Visiting the Sensoji Temple
JR: From Tokyo station take the JR Yamanote Line and change to the Ginza Line at Kanda Station. From Shinjuku Station, take the JR Chuo Line (orange) and change to the Ginza Line at Kanda Station
Metro: Asakusa Station
Hours: 6:00 to 17:00 (from 6:30 from October to March)
3. Tennoji Temple
The Tennoji temple is much less well known than many of the others on this list but don’t let that put you off, in fact that is why it is worth a visit. Located next to the Yanaka graveyard and hiding within it a massive bronze Buddha statue it is hard to see why hardly anyone makes the short walk from the underground station! If you want to discover true serenity within the big city then here is the place. When we visited, the only other people we saw were a couple of monks praying. This 800 year old temple is a slice of meditative paradise within the hustle and bustle of the world’s largest cities.
Visiting the Tennoji Temple
JR: Nippori Station (The temple is just off to the west of the station)
4. Yasukuni Shrine
The Yasukuni shrine is actually one of the most controversial in the city as it is in honour of Japan’s war dead. Much has been argued over the years as to who should be remembered and whose name should be scrubbed from the board of honours. But despite the political angle of this temple it remains one of the most beautiful to visit and for the casual tourist many would never know of its significance. The huge tori gate can be seen all over the nearby neighbourhood and the dramatic curtain which adorn the main temple make it unique and rather stunning.
Visiting the Yasukuni Shrine
JR: Ichigaya, Iidabashi
Metro: Kudanshita Station
Hours: 6:00 to 18:00 (to 19:00 from May to August; to 17:00 from November to February)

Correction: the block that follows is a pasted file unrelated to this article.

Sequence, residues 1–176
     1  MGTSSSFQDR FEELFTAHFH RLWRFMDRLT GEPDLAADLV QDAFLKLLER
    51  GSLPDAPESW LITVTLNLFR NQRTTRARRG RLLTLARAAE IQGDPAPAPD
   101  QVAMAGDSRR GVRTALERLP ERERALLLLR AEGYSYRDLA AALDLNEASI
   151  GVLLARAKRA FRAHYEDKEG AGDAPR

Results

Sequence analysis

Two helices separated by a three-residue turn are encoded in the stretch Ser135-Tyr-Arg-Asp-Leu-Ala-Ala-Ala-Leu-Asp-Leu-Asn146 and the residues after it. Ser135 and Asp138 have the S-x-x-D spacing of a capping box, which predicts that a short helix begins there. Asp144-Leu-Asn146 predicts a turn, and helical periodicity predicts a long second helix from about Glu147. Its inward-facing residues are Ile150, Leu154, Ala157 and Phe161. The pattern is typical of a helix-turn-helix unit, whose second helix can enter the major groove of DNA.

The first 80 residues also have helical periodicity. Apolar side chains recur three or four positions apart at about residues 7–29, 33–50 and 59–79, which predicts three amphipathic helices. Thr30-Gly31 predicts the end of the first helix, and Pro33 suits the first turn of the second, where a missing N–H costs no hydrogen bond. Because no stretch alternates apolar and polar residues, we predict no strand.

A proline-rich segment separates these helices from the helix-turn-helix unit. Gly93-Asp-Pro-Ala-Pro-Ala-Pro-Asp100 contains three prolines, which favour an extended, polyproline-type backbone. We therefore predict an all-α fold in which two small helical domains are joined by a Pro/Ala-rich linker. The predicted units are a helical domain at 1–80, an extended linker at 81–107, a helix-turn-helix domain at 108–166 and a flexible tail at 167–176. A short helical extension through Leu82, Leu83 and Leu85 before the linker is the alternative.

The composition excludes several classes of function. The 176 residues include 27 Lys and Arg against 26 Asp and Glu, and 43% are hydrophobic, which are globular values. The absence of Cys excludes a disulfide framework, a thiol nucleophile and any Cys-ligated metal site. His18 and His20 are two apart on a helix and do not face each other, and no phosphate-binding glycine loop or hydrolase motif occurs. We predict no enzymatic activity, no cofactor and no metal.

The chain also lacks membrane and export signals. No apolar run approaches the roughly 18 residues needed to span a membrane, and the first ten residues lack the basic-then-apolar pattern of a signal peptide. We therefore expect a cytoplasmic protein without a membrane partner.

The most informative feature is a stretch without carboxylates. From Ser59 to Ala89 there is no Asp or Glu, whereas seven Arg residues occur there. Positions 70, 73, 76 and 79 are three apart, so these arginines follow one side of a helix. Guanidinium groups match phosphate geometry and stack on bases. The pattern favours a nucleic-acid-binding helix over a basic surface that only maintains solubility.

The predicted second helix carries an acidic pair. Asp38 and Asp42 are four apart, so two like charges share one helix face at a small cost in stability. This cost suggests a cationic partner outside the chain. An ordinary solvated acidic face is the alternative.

5. Zojoji Temple
The Zojoji temple is not only fascinating to visit due to its history but also its location. Sitting just below the famous Tokyo Tower this temple most perfectly illustrates the old and new within Tokyo. The impressive “Sangedatsu Gate” is one of the oldest wooden structures in Tokyo, dating back to 1622 and one of the only original gates and temples to survive the war. The temple is also known to be the resting place of six powerful shoguns which really connects some of those wonderful stories of ancient Japan with the modern day. If that wasn’t enough history for just one temple, the complex also includes the huge Daibonsho bell which was cast in 1673, as well as a tree planted by Ulysses S. Grant which still grows to this day!
Visiting the Zojoji Temple
JR: Hamamatsucho Station (10 min walk)
Metro: Onarimon, Shibakoen or Daimon Stations
Hours: 9:00 to 17:00
Other smaller temples and Shrines
Tokyo isn’t just home to the huge temples and shrines which dominate the areas in which they exist, but one of the wonderful things about it is the small local temples around almost every corner. Wandering around Tokyo it is easy to get lost in the maze-like streets where old meets new and down every street is something wonderful to discover…including many temples and shrines.
The trick to exploring Tokyo is to allow yourself to get lost, to follow your heart and enjoy the yin and the yang of this beautiful chaotic and serene city!